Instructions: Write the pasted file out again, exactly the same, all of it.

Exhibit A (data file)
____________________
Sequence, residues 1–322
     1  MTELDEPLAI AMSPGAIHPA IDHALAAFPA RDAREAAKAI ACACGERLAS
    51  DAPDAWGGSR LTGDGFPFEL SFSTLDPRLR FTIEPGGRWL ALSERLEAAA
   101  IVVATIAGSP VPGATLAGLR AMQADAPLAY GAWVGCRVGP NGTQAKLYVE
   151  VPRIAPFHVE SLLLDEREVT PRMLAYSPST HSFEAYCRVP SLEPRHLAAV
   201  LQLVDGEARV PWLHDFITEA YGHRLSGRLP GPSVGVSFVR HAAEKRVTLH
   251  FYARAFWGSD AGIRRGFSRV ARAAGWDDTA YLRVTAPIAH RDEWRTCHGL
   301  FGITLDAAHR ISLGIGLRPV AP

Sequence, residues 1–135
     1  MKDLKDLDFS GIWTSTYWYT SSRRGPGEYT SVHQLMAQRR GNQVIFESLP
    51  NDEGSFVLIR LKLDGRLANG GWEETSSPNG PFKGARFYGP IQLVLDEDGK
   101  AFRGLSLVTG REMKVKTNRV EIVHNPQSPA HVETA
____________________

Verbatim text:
Sequence, residues 1–322
     1  MTELDEPLAI AMSPGAIHPA IDHALAAFPA RDAREAAKAI ACACGERLAS
    51  DAPDAWGGSR LTGDGFPFEL SFSTLDPRLR FTIEPGGRWL ALSERLEAAA
   101  IVVATIAGSP VPGATLAGLR AMQADAPLAY GAWVGCRVGP NGTQAKLYVE
   151  VPRIAPFHVE SLLLDEREVT PRMLAYSPST HSFEAYCRVP SLEPRHLAAV
   201  LQLVDGEARV PWLHDFITEA YGHRLSGRLP GPSVGVSFVR HAAEKRVTLH
   251  FYARAFWGSD AGIRRGFSRV ARAAGWDDTA YLRVTAPIAH RDEWRTCHGL
   301  FGITLDAAHR ISLGIGLRPV AP

Sequence, residues 1–135
     1  MKDLKDLDFS GIWTSTYWYT SSRRGPGEYT SVHQLMAQRR GNQVIFESLP
    51  NDEGSFVLIR LKLDGRLANG GWEETSSPNG PFKGARFYGP IQLVLDEDGK
   101  AFRGLSLVTG REMKVKTNRV EIVHNPQSPA HVETA